|A Boeung Kak lake resident is detained by police officers during a violent clash over disputed land at the Boeung Kak site in Phnom Penh May 22, 2012. (REUTERS/Samrang Pring)|
Tue, 26 Jun 2012
BANGKOK (TrustLaw) – A group of Cambodian women jailed after protesting in support of families whose homes were destroyed during a forced eviction should be freed and their convictions overturned, Amnesty International says.
On May 24, the Phnom Penh Municipal Court charged, tried, convicted and sentenced 13 women, including a grandmother, to 30 months in prison for illegal occupancy of public property among other charges, the rights group said.
The trial took place just 48 hours after the women - community representatives - were arrested following a peaceful protest at Boeung Kak Lake where thousands of people have been forcibly evicted from their homes since August 2008. The lake is in the capital Phnom Penh.
An appeal hearing is scheduled for Wednesday.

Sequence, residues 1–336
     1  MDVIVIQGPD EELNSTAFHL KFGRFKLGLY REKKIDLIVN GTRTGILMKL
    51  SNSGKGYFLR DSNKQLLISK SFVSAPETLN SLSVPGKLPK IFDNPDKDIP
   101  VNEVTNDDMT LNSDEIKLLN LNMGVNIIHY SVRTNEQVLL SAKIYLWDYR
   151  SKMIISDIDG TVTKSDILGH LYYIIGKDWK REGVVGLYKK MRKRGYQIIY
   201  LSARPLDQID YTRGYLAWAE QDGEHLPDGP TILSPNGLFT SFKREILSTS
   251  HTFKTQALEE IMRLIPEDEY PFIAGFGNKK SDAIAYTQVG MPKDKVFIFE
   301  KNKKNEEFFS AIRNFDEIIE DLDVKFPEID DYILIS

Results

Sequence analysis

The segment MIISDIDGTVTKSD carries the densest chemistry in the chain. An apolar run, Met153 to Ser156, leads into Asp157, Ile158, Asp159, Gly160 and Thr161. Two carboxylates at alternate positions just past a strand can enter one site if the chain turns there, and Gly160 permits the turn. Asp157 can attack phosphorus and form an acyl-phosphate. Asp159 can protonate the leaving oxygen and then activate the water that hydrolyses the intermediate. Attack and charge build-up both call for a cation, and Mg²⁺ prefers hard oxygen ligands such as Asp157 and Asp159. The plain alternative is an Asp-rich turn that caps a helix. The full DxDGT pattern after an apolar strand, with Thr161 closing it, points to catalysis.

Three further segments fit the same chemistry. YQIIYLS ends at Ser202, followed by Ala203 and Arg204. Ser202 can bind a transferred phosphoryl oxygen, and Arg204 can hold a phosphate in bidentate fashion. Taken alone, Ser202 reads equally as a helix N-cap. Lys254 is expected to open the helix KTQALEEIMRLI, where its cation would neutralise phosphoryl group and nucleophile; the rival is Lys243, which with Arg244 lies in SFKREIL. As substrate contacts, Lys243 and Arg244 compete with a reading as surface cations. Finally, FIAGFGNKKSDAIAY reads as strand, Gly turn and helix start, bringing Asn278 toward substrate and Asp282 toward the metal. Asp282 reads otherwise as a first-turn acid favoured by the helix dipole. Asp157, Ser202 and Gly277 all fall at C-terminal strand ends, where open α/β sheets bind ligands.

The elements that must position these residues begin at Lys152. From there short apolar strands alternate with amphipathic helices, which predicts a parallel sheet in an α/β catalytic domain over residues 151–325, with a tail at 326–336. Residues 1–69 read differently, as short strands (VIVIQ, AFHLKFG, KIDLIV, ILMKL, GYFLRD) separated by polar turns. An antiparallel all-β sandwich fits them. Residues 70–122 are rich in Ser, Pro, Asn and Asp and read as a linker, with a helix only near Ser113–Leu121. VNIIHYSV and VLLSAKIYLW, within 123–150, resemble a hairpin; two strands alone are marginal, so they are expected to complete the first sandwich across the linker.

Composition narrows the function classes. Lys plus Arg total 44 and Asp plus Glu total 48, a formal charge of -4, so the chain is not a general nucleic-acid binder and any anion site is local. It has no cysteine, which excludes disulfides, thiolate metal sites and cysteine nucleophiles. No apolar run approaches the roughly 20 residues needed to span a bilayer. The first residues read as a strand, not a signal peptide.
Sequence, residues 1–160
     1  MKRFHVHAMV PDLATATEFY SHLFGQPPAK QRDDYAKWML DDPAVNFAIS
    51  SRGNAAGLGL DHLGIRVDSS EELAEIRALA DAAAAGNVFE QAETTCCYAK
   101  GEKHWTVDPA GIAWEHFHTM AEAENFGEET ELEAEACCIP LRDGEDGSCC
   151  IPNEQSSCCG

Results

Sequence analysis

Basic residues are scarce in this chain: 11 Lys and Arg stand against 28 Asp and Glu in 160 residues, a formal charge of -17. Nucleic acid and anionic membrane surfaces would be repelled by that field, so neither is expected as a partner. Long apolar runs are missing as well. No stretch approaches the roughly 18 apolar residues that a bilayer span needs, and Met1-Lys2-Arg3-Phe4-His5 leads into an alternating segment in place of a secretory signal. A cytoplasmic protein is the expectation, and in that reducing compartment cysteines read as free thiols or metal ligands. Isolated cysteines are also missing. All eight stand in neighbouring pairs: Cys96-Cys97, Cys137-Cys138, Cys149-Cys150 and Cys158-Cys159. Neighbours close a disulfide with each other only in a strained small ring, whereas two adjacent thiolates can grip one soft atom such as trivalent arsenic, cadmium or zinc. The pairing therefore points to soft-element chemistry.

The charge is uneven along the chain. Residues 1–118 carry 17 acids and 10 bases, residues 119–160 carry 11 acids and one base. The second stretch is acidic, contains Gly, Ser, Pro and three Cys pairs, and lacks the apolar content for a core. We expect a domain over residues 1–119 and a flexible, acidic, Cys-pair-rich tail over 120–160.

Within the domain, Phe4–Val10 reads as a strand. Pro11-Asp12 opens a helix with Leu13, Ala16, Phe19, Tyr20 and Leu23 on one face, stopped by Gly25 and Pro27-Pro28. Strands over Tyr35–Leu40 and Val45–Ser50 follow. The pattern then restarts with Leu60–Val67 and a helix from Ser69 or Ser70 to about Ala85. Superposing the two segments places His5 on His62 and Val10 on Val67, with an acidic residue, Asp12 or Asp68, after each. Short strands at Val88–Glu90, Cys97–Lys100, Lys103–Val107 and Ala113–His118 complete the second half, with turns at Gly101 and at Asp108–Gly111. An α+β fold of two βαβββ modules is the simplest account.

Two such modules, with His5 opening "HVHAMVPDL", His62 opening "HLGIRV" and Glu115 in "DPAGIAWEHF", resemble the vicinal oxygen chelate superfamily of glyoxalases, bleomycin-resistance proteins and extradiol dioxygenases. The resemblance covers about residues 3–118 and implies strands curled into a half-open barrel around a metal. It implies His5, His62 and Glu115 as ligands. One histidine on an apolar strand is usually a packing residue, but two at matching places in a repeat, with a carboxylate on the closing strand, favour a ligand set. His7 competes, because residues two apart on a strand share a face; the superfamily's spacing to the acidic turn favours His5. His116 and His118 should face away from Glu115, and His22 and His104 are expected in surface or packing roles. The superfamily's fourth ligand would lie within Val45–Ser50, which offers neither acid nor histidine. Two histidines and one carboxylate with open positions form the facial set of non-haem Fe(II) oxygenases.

"These women are prisoners of conscience, imprisoned solely for speaking out on behalf of their community and for peacefully exercising their right to freedom of expression," said Amnesty's Cambodia researcher Rupert Abbott in a statement.
"The unfair convictions should be overturned, and the women immediately and unconditionally released," he added.
Abbott also said the charges against them are baseless and their trial was "grossly unfair".
Amnesty said the court denied requests from the defence lawyers to give them time to prepare their cases and the defendants were not given access to evidence or allowed to call witnesses.
According to the rights group, the municipality of Phnom Penh entered into a 99-year lease agreement with Shukaku Inc, owned by a ruling party senator, for an area covering the Boeung Kak Lake and surrounding land, in 2007.
The lease was made without any consultation with the affected population and residents were subjected to harassment and threats by company workers and others, it said.